Allah is not the god of the Bible…at least not the New Testament. Islam is clear that Allah has “no partners” and that Jesus is not the son of Allah. The NT is clear that Jesus claimed YHWH as his father. Ignore the variation in proper nouns and let each statement stand. Allah has no son. Jesus says YHWH is his father. Let’s give Muslims and Christians the same respect and take them as “experts” of their own religions. They are not worshipping the same deity. Of course, anthropologists and world religion scholars might disagree but that’s because they are outsiders to both groups. When these two groups talk about their deities, there are some apparent similarities but they are just apparent. At the end of the day, the Muslim god has no son and the Christian god has Jesus. They’re not the same god.

As to Islam being and “evil religion”…perhaps. I’m not sure that there’s any way of knowing. Apply the same theory to the “prophet” Mohammed that C.S. Lewis applied to Jesus: he is either a liar (because he says things that are not true about God), a lunatic (because he made claims that mentally healthy people do not make) or he is Lord (because he is exactly who he claims to be). Granted, Mohammed can’t fall under the Lord category because that’s a contradiction of the religion he taught, but he can be “exactly who he claimed to be”, meaning a prophet of Allah bringing the word of Allah to the people. (I don’t know if Mohammed claimed to be “the seal of the prophets” but that is certainly the teaching of Islam.)

Was Mohammed a liar? When he claimed to have had visions of the angel Gabriel dictating the Qu’ran to him, was he simply making it up for some self-serving purpose? Was he afflicted in his mind and hallucinating? Was he receiving a genuine revelation? There’s no empirical way of affirming any answers to these question. If he was a liar, then we can say that the religion he taught was evil because it was intended to deceive and manipulate. If he was a lunatic, then I don’t think we can say it was evil in the same way that calculated deception and manipulation is evil. If he was exactly who he claimed to be we still couldn’t affirm that the religion is evil until we learned how the religion defined evil. One other possibility is that Mohammed did have a metaphysical experience with a spirit-being who was not divine but demonic. Again, impossible to prove empirically, but that would definitely make the religion he taught evil.

Whatever the case may be, nothing is changed. Christians must follow Jesus. Jesus loved his neighbor. He blessed and did not curse. He loved his enemies and prayed for the forgiveness of his murderers with his dying breath. Regardless of who Muslims pray to and the nature of their religion, Christians are to love them with the same kind of love that Jesus loved them, loved us all.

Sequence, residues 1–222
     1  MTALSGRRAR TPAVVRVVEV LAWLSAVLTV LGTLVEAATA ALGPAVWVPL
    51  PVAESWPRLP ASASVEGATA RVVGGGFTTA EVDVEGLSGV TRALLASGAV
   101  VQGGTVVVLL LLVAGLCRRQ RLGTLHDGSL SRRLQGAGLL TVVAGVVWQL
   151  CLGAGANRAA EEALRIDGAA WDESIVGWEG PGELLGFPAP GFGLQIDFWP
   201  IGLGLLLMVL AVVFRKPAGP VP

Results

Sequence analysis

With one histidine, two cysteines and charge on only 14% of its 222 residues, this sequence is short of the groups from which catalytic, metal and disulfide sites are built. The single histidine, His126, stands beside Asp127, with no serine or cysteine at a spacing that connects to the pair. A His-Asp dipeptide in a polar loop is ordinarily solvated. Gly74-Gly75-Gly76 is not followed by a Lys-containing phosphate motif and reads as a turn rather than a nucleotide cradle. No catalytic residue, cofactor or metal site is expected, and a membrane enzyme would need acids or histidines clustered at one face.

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The Hardest Thing to Believe

As you might have noticed, I’ve really enjoyed listening to Mark Driscoll as of late; particularly the series of lessons called “Religion Saves + 9 Other Misconceptions“.  In the series Mark addresses a set of questions put to him by the members of the Mars Hill community (and beyond?). By the time I post this, I will have heard lesson #6, but before I do I thought that I would tap out my own response to the question. 

01/27: #6 “Of all the things you teach, what parts of Christianity do you still wrestle with? What’s hardest for you to believe?”

The parts of Christianity that I still wrestle with are the ones that are transparent. “Love your neighbor as yourself.” This is not eschatology (end times), soteriology (nature of salvation) or any other hard to grasp “-ology”. Sure, we could hold forth on the various types of love signified by different Greek words and then try to identify exactly who my “neighbor” is, but in the end we would find that the statement stands as is. Love others  as I love myself. I wrestle with that…and I often lose. There are lots of other teachings that are equally plain like; “husbands love your wives as your own body“, “fathers, do not exasperate your children“, “give to him who asks of you“, “bless and do not curse“, “do not store up treasure on earth“, “be doers of the word and not hearers only” and the list goes on.

As trite as this may sound, the hardest teaching of Christianity for me to believe is that God loves me. When I first began to think about what I would write in this post, this thought didn’t occur to me. Originally, I thought that that the hardest thing for me to believe was that God is more interested in my conforming to the likeness of Jesus than my “sound doctrine”. Then I asked myself why I spent so much energy on “getting it right”, that is pursuing right-thinking and I realized; at a gut-level, I still think that God will love me (more? better?) if my theology is right/good/sound. In short, after more than 20 years of belonging to Jesus, there’s a place deeper than my intellect where I don’t believe that God loves me…really…”Just As I Am“. While I know that God loves me (and all of His creation), this truth has not so fully penetrated my heart that it keeps me from emphasizing “sacrifice” over “mercy”. 

Check back with me in another 20 years and maybe by then I will have finally gotten it.